Section 2 (Continued from Elk Hunting – Ultimate Big Game Hunting)
What You Need To Know About Hunting Elk
Like deer, elk have keen hearing and an incredibly strong sense of smell. If you’re hundreds of yards away and the wind carries your scent their direction, that’s enough to send elk deep into the forest, before you’ve even spotted any. Or maybe they’ll hear you before you have any idea that there’s one just a hundred yards distant. Or maybe they’ll spot you while they’re concealed in a grove of trees and you’re walking through a meadow.
Understand this — where ever people are most known to hunt you are most likely going to have the greatest difficulty taking down an elk. Elk are very sensitive to “hunting pressure”; expert hunters have said that the biggest deer and elk have a very strong survival sense — once they’re alerted in any way to human activity, they can simply begin eating at night and simply bedding down during daylight hours concealed possibly in a distant grove of trees — and you’ll never see them.
Best Elk Hunting At Dawn Or Dusk
As it is the best elk hunting is in the dawn and dusk hours — when they typically eat — but that will go away if local elk or elk with a strong survival sense are spooked by the presence of humans and they simply change the times they eat in an attempt to survive. See: Nocturnal bucks – When deer are hard to find. This applies to elk as well.
The tips we give today are going to be about hunting elk in a time of collapse — when the laws of the land don’t exist anymore and instead of just being on a recreational hunting outing with friends for a few days — you are now living off the land, moving deep into the backcountry; where ever you set up camp from there places distant are now going to become your hunting grounds.
Hunting With Minimal Pressure On Elk
As said above, elk are sensitive to hunting pressure. The noise and scent of humans can drive them out of the area. To combat this, you and your camp are going to have to exist quietly, moving quietly, and hunting very, very quietly.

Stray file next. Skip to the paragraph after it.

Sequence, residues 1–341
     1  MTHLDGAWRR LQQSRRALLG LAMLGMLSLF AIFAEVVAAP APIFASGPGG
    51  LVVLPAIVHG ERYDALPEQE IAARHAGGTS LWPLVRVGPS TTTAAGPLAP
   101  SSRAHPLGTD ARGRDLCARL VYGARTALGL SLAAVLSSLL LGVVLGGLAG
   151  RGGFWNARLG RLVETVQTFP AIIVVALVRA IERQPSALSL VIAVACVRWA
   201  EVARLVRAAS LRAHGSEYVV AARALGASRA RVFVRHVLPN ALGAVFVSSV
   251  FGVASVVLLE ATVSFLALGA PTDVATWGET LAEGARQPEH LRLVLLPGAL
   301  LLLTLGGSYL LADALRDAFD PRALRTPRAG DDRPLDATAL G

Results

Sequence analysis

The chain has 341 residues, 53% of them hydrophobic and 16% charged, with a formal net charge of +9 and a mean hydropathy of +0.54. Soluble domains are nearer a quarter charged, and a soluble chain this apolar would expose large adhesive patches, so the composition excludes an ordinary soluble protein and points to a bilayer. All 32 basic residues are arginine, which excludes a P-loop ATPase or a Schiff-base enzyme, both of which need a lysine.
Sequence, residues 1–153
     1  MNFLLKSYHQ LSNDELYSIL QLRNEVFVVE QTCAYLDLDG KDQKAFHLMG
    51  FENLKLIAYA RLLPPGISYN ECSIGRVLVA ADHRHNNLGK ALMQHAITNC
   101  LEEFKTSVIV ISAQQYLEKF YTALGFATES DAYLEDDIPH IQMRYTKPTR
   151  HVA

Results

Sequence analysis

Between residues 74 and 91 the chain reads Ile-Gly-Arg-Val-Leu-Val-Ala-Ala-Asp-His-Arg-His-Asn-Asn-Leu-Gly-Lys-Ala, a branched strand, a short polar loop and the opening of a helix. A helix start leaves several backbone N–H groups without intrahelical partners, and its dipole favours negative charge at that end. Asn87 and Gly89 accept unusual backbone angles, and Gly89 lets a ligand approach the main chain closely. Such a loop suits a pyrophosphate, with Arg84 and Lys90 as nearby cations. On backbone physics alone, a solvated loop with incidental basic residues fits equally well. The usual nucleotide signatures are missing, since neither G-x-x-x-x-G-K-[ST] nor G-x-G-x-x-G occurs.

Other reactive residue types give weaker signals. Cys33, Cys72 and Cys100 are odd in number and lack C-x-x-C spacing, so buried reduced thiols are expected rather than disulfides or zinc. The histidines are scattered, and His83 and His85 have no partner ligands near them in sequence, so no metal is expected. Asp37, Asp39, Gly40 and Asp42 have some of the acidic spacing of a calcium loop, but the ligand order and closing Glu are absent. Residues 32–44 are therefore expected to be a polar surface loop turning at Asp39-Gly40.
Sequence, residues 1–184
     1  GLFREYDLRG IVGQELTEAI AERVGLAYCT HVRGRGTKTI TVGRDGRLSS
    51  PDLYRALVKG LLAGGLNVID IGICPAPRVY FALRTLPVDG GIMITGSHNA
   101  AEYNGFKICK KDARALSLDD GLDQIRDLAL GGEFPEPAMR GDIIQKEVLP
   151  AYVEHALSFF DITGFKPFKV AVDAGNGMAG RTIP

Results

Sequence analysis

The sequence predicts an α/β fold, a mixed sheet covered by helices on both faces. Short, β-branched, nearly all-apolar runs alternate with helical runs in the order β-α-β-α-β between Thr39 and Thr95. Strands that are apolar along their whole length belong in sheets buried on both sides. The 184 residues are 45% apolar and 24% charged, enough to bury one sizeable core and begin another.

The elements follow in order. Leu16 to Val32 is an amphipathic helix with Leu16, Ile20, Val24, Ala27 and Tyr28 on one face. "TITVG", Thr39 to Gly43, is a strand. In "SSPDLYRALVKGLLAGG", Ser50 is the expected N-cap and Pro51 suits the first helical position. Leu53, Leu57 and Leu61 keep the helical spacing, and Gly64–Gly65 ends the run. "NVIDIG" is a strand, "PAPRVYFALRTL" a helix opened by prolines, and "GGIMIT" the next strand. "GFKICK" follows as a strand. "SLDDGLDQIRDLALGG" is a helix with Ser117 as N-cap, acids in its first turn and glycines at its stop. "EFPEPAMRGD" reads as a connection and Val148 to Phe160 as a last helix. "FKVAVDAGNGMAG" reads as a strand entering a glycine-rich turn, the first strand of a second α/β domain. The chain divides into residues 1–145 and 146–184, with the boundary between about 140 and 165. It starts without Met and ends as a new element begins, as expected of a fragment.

You’ll want to practice natural means of concealing your scent — or just minimizing your scent as much as possible — as well as becoming very sensitive to wind direction so that you’re always hunting downwind.
In recent articles I’ve discussed that life in the mountains is possible, as well as warfare — but if “warfare” comes to your area of the mountains and you are low on food stores, you may want to take this as a hint that it’s time to pack up and move your camp even deeper into the backcountry due to the fact that elk (and other types of wildlife) may be spooked by gunfire and flee the area.
Preserving Elk Meat
Using primitive methods of food storage such as smoking, drying, and salting, you can preserve elk meat for many years, if needed. If you take down enough elk in the late spring and summer months, not only can you feed your camp a rich meal for several weeks or months to come, but you can also preserve some of what you catch to help you get through the winter months, when deep snow on the ground and cold temperatures would make it easier to just hunker down in camp rather than be out hunting in snowy conditions and risk avalanche or a blizzard.
It is possible to hunt in the snow, but if you’re in a higher elevation any elk are likely to drop down to a lower elevation with the snow fall. You would have to drop elevation as well for your best chances of taking down an elk.
Elk Are Migratory
You’ve heard of bird migration? Well now consider elk migration. While many types of deer will stay in a general area of the land year round, elk are likely to migrate — that migration can come as a result of hunting pressure but typically comes from the changing seasons. As late spring and summer set in elk can move to higher elevations and by fall some may be found as high up as 10,000 feet — depending on the mountain range of course.
In the summer months that means you’ll want to head to higher elevations also because that’s where elk are going to migrate (regarding areas near mountain ranges).
Elk Are Often Found Along Drainage Basins
Elk are often found along drainage basins where creeks and small rivers empty into one larger river that carries the water from snow melt to the lowlands. As elk migrate and move to higher elevations as summer sets in, they’ll still need to drink water — and so (on a map) from the main river in a local drainage basin look for larger creeks further inland that descend from mountainous areas, and consider these to be possible routes that elk may take as the seasons change and they migrate to higher elevations.
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